Brittany’s ultimate goal is to pursue medicine and attend medical school after her NIH fellowship. She values her relationships with others and names her parents as her biggest role models.
DIR-LMI (Brian Kelsall, M.D.)
Page graduated with highest honors from the University of Virginia (UVA) in 2021 with a B.S. in biomedical engineering and a minor in Spanish. Page began working in the Janes lab at UVA in 2019, studying the molecular mechanisms of Coxsackievirus. Here, she designed cellular models to elucidate the mechanisms of viral proteases, as well as a machine learning pipeline to count viral plaque assays. Page's capstone thesis focused on creating a temperature-dependent computational model of human rhinovirus. Page worked as a teaching assistant for cellular biology and a tutor for calculus, biotransport, and physics.
Passionate about serving her community, Page began working with the student organization Madison House to address the affordable housing crisis in Charlottesville. During her senior year, Page served as the head program director for the Housing Improvement Program where she worked with community partners to meet needs concerning housing. Page also worked as an EMT, volunteering in rural Virginian communities to improve access to emergency medicine.
After graduating, Page began working as a postbac under Brian Kelsall, M.D., in the Division of Intramural Research (DIR) Laboratory of Mucosal Immunology (LMI). She is interested in using next-generation sequencing to study the role of hormone receptors in macrophage and dendritic cells during inflammation.
VRC-VL (John Mascola)
In 2021, Danealle graduated with honors from Washington University in St. Louis with a B.A. in microbiology and a minor in anthropology. Danealle is passionate about equitable access to healthcare and improving diversity within science, technology, engineering, and mathematics (STEM). She was the co-president of non-profit global health organization GlobeMed and co-coordinator of the Pre-Health and Science Peer Mentoring Program.
At WashU, Danealle investigated the importance of the fungal cell wall polysaccharide, chitosan, for cryptococcal virulence and the role of an uncharacterized protein in protein expression under the mentorship of Jennifer Lodge, Ph.D., and Rajendra Upadhya, Ph.D. She was awarded the two-year MARC uSTAR fellowship for her work. In 2018, Danealle was accepted into the Pediatric Student Research Program, where she conducted translational infectious disease research under Audrey Odom-John, Ph.D. In the summer of 2020, Danealle researched the biological processes necessary for cryptococcal germination in her hometown, Madison, WI, under Christina Hull, Ph.D.
Upon graduation, Danealle became an INRO fellow and joined the Virology Laboratory (VL) at the Vaccine Research Center (VRC). She works to develop and assess novel immunogens for their ability to elicit broadly neutralizing antibodies against HIV-1 with the goal of developing a vaccine.
Danealle aspires to become a physician-scientist and hopes to become a mentor to historically underrepresented individuals within the medical and scientific fields.
Behnia Rezazadeh Shirazi
VRC-VL (Nicole Doria-Rose, Ph.D.)
Behnia graduated from Iowa State University in May 2021. He is a 2020 Goldwater scholar, and his interest in research began during his time in undergrad. His published research focused on human circulation to identify reliable indicators for the early prognosis of cardiovascular diseases. During the summer of 2020, he interned at Duke University's School of Engineering researching the genetic basis for the proliferation and maturation of iPSC-derived cardiomyocytes.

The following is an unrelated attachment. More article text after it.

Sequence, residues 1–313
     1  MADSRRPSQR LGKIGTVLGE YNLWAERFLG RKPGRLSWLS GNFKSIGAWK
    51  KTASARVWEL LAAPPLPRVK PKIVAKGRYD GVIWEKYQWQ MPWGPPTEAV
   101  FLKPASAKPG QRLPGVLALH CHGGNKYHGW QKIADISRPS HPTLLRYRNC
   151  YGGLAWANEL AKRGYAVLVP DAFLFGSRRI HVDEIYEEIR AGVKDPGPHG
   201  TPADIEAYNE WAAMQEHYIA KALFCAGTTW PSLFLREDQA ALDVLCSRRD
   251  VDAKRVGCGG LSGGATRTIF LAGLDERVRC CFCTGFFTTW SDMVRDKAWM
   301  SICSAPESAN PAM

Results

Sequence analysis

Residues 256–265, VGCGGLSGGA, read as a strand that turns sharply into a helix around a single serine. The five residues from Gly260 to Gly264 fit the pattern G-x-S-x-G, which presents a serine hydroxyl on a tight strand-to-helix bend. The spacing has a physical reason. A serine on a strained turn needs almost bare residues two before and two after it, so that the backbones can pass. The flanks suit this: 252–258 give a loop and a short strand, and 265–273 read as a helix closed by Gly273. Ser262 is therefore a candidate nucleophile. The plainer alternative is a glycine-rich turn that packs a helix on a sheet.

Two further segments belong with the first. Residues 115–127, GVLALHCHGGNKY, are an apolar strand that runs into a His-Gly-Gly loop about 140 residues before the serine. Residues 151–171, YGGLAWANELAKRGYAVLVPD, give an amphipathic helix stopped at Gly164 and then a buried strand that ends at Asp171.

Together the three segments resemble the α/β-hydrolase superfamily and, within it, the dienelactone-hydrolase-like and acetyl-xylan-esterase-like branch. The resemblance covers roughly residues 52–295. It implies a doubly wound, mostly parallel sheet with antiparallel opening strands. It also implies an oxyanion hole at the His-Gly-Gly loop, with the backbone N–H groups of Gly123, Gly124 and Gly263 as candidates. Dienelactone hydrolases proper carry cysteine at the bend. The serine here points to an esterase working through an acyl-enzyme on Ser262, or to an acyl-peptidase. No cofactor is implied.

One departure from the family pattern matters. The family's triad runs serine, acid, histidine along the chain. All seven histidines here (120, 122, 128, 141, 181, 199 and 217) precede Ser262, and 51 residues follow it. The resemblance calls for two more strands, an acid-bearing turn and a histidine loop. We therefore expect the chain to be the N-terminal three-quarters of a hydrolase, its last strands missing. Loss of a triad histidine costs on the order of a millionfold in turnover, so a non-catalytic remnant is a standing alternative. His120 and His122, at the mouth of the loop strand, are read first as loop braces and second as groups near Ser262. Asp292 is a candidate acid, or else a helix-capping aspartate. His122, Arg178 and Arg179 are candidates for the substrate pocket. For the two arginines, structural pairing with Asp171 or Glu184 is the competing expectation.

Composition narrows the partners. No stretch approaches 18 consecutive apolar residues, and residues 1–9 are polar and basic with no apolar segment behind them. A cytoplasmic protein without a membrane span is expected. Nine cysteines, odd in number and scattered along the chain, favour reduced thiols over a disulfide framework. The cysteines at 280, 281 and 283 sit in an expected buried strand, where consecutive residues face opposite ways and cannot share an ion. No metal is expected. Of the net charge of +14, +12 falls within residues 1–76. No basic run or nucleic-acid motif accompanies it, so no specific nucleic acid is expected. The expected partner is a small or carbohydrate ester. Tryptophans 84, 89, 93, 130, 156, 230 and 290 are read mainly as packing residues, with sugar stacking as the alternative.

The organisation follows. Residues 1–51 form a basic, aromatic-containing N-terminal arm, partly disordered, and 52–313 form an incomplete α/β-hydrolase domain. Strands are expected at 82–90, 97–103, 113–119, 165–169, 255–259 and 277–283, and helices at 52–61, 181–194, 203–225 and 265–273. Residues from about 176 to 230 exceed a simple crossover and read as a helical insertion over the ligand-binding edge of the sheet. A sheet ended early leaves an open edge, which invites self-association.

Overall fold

As an INRO fellow, Behnia came to NIAID to research antibody development for HIV health outcomes in the Vaccine Research Center (VRC) Virology Laboratory (VL). Here, he is combining yeast display technology and directed evolution as part of his research. He is extremely passionate about pursuing a Ph.D. in organismal biofuel synthesis through genetic/protein engineering and artificial intelligence.
DIR-LMVR (Patrick Duffy, M.D., Ph.D.)
Anne Berhe is an Eritrean-American born and raised in Los Angeles, CA. Since high school, Anne’s research experiences have been tied to infectious diseases, as she has seen the direct impact of many of these diseases on those in her community. Her first lab experience at the Lundquist Institute, where she developed methods of detecting extremely antibiotic-resistant bacteria, sparked her interest in pursuing translational research. From there, Anne continued to conduct research in various molecular and microbiology labs throughout her undergraduate career, from Pomona College; to Harvard University; to University College London (UCL). At UCL, she conducted research on protein export in the malaria parasite, Plasmodium falciparum, in the lab of Andrew Osborne, D.Phil. Here, she became infatuated with malaria research and continued to complete her senior thesis at Pomona College in developing a novel genetic screening method for malaria drug targets.
Currently, she is conducting research in the Laboratory of Malaria Immunology and Vaccinology under Patrick Duffy, M.D., Ph.D., where she is involved in projects focused on vaccine development for pregnancy malaria and transmission-blocking malaria. Along with wet lab research, Anne is passionate about health equity and plans to apply for medical school and pursue a career as a physician-scientist.
DIR-LISB (Ronald Germain, M.D., Ph.D.)